Cautious banks could change their approach to home loans in flood-prone areas
“Lenders take that into consideration at the time of the natural disaster – at the time or right after, up to 12, 18 months after – in terms of whether they’re lending,” he said.
“The expert wants to confirm that it is still standing, that it still has four walls and a roof and that you can live there.”
The value may not change at all, or it may be reduced by as much as 10%, he said, or more commonly the loan-to-assessment ratio may be capped, meaning the buyer has to find a larger deposit.
In Brisbane, Madd Loans mortgage broker George Samios has seen the move to full appraisals create a backlog and delays of up to two weeks for clients.
Assessment costs nearly tripled from the standard $330 to $1,000 each due to demand, he said.
“I now ask all my clients to do a free flood search,” he said, citing local services such as FloodWise and FloodCheck that show a property’s risk.
“There was a time when a lot of people didn’t care because the real estate market was so hot.”
He said cheaper neighborhoods at risk of flooding likely had higher insurance premiums.
“If you can avoid it, spending a little more money to get into a hilltop suburb, it could be worth the $100,000,” he said.
Herron Todd White Brisbane managing director Gavin Hulcombe said his team was responding to requests from lenders for full property inspections that outline the risk.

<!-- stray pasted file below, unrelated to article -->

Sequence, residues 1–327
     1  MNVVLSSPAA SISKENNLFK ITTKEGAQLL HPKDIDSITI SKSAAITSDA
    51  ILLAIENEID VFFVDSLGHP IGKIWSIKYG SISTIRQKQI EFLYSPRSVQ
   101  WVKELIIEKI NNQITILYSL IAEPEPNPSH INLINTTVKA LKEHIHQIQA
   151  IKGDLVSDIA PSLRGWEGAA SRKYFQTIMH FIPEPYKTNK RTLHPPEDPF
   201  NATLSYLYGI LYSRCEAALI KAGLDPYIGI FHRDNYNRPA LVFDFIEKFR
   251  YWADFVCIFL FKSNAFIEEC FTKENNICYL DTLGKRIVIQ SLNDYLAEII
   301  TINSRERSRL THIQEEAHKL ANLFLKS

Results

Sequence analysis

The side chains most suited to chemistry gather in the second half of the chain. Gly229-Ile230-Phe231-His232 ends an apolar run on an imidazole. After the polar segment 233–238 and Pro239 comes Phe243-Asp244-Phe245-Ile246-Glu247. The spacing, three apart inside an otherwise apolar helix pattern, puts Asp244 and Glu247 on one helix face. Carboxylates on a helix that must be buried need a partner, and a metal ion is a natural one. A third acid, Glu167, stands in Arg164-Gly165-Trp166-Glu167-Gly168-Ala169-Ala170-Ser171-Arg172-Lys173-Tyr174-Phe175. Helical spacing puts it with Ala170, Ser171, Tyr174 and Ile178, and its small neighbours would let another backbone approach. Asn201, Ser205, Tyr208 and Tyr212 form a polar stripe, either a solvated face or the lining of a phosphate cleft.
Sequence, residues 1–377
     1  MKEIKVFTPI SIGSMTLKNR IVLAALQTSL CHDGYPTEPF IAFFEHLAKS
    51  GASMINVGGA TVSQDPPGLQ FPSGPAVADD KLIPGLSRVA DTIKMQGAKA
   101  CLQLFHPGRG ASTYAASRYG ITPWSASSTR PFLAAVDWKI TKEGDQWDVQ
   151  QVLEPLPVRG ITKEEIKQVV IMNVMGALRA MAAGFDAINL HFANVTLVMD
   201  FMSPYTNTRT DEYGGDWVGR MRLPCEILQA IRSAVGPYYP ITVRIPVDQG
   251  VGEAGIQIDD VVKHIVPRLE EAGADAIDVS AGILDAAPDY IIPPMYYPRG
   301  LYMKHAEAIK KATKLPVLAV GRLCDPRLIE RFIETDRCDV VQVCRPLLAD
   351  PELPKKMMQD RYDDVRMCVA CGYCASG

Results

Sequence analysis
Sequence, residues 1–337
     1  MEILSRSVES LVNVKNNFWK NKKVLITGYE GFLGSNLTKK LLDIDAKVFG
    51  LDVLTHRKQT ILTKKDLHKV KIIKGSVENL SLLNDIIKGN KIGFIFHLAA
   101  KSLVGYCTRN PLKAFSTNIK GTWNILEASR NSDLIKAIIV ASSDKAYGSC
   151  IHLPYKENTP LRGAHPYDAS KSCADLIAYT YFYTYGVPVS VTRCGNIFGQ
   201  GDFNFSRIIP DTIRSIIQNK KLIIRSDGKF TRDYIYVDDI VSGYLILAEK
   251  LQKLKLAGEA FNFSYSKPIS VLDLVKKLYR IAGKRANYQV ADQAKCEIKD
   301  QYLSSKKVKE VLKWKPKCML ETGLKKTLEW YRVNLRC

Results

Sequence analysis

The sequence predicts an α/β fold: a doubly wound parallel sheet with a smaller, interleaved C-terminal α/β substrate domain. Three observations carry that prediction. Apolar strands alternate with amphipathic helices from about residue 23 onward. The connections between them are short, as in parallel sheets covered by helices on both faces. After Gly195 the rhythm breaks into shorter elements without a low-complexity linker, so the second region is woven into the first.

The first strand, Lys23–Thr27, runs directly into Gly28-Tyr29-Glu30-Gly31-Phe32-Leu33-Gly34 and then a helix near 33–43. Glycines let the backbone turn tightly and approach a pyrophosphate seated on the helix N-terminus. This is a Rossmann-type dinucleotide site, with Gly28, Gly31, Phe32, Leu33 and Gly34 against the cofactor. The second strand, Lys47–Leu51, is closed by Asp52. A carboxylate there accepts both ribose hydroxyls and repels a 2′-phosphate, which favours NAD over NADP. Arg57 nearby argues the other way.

“It may have been minor flooding in the backyard, it may have impacted the lower level of the house – but it could all be storage that doesn’t have a massive impact,” a- he declared.
“There are other circumstances where the living areas of the house are flooded.”
Even the value of an insured property can be affected because buyers will pay a premium for a home that is not prone to flooding, he said.
Anyone shopping in a flood-affected area now has access to more data and maps than in previous disasters and can judge the level of risk they want to assume, he added.
Home values may be affected for the pockets most exposed to natural disasters, but over time the Brisbane market has held up since the last floods a decade ago, for example.
“After a flood, memories fade and as memories fade, the discount people apply to these properties diminishes over time,” he said.
In western Sydney and the lower Blue Mountains, mortgage broker Rob Lees has yet to hear lenders getting more cautious, but is working on a loan for a home in McGraths Hill which has been hit and expects to a full assessment.
For pockets around Penrith or Emu Plains that have been flooded, he advises potential buyers to be cautious.
“I would like to stay away from a lot of these areas,” Mortgage Choice Blaxland, Penrith and Glenmore Park manager said. “I think the way climate change is evolving, it certainly highlights the risk.
“It will have to have an impact on the valuations, certainly in the areas that have been flooded, the values will certainly have gone down and it will reduce the opportunity to live in these areas.